We spent the day driving down the NH8 from Halol to Valsad in the Indian state of Gujarat. In a three-wheeled rickshaw. Myself and my 2 dearest friends a Kiwi and a Yank. On a six-laned highway going our top speed of 50km/hr. We arrived late afternoon and after getting our rickshaw a quick oil change and check up, we got back on the road looking for the nearest hotel. Of which there were few. The first one turned us away because they were fully booked. The second place we tried was some sort of Indian country club that refused to rent us a room on account of us not having any relatives in Valsad. No shit Sherlock. Sadly, the check in guy was a stickler for rules and my blond hair wasn’t getting us anywhere. This was how we found ourselves back on the highway heading towards the town of Pardi as the last bits of sun started to dip below the horizon. We had made one pact before we started our India adventure and that was to never, ever be on the roads after dark.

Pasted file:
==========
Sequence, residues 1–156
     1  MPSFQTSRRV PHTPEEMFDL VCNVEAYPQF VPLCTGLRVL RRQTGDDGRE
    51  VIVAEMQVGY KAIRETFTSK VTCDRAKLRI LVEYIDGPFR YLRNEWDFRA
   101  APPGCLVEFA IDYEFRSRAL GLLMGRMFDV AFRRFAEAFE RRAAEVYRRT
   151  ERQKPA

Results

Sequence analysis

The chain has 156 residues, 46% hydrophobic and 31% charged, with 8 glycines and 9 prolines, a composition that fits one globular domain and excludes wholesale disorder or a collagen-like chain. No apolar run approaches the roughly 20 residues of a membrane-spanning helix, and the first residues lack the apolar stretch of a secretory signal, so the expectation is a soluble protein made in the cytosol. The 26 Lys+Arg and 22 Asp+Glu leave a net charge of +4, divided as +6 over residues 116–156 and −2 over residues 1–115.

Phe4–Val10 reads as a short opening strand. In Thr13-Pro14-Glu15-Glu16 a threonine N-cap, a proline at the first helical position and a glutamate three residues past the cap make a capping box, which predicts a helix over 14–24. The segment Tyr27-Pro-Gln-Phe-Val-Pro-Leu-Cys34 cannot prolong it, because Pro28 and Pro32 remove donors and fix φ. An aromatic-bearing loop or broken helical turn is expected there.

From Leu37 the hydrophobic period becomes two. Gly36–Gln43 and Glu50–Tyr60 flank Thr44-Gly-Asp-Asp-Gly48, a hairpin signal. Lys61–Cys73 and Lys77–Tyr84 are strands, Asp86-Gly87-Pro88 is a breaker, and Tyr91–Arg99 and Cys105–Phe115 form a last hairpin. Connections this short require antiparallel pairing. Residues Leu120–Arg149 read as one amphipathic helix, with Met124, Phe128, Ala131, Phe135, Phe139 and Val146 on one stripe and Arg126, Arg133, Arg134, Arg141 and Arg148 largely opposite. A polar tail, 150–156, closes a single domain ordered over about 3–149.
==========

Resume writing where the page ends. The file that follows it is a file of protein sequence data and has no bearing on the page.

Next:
This was how we met Ambalal. Had the sun not been setting I can guarantee our paths would never have crossed. As we dodged motorcycles and large overloaded trucks we spotted what appeared to be a truck stop/motel. As we pulled in we were startled to see that there were very few people staying there, and that the lack of people were made up for with life sized statues of animals splayed out on the lawn adjacent to the restaurant. It was super bizarre. The kind of place that loosely resembles a dormitory for truckers and I can pretty much guarantee that we are the only western women who have ever stayed there in the history of it being open. But what were we to do?! It seemed less likely that we would be murdered in this strange zoo like setting than we would be killed driving on the road after dark so we booked 2 rooms. Naturally, the staff were super excited to see us.